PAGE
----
—How long does a boat last?
—Generally about eight or nine years. They get weaker then, and need repairs.

46443. Do you sell the old ones ?

46444. Who buy them?
—Some north country people buy them, and Loch Fyne men, and so on.

46445. People who cannot afford perhaps to buy new ones so easily ?
—Yes. The boats are good enough, though they are getting a little frail.

46446. But not good for the hard work they have to undergo with you ?

46447. Where do your people get their nets ?
—They buy the nets in the village very often, from the shopkeepers. There are plenty to be had in the village.

46448. And there are plenty of shops ?
—Plenty of shops.

46449. There is nothing here of what we found in the north and other places, of people contracted to a curer to whom the boats sometimes belong, and to whom the nets belong ?
—No ; nothing of that sort.

46450. You fish for whomsoever you please ?
—For whomsoever will give the best price.

46451. And you buy in any shop you please?
—Yes, there is no compulsion as to that.

46452. Of course, your system of trawling herring here is quite different from the bottom trawling that is carried on at the white fishing?
—It is not the same at all; it is on a different scale altogether.

46453. The fact is that so far as we know the habits of the herring, that system would not suit ?

46454. You might trawl the whole day and not get a herring at all?
—You might trawl for a year and not get a herring at all with the big trawl, although we do trawl on the ground whiles.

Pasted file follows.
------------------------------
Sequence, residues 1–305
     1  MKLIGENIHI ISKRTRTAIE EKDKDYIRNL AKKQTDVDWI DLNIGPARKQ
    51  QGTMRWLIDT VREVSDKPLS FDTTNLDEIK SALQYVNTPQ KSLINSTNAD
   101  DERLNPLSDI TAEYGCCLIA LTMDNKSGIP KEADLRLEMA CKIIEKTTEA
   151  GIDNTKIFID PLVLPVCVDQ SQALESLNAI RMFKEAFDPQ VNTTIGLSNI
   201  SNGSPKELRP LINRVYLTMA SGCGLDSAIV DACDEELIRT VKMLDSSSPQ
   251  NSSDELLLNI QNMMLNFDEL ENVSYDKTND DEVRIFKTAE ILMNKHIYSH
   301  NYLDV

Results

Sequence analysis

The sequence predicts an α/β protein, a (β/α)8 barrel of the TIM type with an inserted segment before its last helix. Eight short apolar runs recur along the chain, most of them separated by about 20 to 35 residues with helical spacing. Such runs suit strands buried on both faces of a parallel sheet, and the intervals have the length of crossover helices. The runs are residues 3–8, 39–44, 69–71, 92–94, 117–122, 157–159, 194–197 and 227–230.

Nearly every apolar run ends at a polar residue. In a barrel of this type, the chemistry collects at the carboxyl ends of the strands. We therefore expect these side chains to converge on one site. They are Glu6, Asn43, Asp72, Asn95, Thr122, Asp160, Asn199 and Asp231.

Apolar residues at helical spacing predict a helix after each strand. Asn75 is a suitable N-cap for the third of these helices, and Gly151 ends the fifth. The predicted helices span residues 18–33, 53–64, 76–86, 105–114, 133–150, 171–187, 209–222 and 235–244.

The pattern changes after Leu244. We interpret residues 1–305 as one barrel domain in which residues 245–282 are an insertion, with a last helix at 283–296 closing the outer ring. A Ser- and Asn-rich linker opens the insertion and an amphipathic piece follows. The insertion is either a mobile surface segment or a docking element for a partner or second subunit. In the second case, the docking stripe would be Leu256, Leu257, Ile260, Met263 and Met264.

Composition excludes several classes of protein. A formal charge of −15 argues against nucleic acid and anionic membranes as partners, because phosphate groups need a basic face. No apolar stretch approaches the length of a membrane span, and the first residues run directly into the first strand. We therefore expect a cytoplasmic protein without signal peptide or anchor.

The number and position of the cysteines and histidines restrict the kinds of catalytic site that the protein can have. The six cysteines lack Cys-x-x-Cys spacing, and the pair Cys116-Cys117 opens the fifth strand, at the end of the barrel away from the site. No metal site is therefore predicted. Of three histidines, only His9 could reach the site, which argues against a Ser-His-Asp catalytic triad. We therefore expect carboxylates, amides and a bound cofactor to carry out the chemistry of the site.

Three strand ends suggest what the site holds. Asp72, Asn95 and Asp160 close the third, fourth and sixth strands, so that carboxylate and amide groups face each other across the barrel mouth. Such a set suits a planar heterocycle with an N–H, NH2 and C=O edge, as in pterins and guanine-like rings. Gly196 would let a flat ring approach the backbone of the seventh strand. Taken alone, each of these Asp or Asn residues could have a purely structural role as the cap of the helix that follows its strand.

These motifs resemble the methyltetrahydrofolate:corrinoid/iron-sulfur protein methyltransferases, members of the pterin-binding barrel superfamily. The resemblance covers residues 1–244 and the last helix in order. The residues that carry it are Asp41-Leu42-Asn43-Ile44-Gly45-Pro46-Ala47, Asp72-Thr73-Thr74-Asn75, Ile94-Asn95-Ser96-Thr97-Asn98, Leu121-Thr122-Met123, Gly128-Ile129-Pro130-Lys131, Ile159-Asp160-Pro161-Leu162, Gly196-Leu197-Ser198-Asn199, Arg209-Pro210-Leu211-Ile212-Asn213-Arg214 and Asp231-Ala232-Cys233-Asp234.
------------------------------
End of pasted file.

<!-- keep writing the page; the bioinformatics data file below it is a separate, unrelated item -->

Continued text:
46455. When you come to shallow water?

46456. Your mode of trawling is not so popular away in the north?
—No, they have a sort of superstition against it.

46457. But so far as your experience goes, it does not injure the fishing ground ?
—I do not believe it does.

46458. And I suppose the Loch Fyne fishers think that instead of people objecting to this system, it would be better if they would accept it for themselves ?
—The upper Loch Fyne fishermen used to be against it too, but they are now at it as well as we.

46459. Instead of the long drift net which is used by the big boats on the east coast, and out on the ocean on the west shore, do you think, if it could be done, a shorter trawl net would take as much fish on board—in the ocean too ?
—It would need good calm weather. I do not think it would work very well.

46460. Of course, you could only work it with a light boat ?
—Yes, and then if you took a circle in a heavy sea you would smash your boats together. I do not think it would do very well.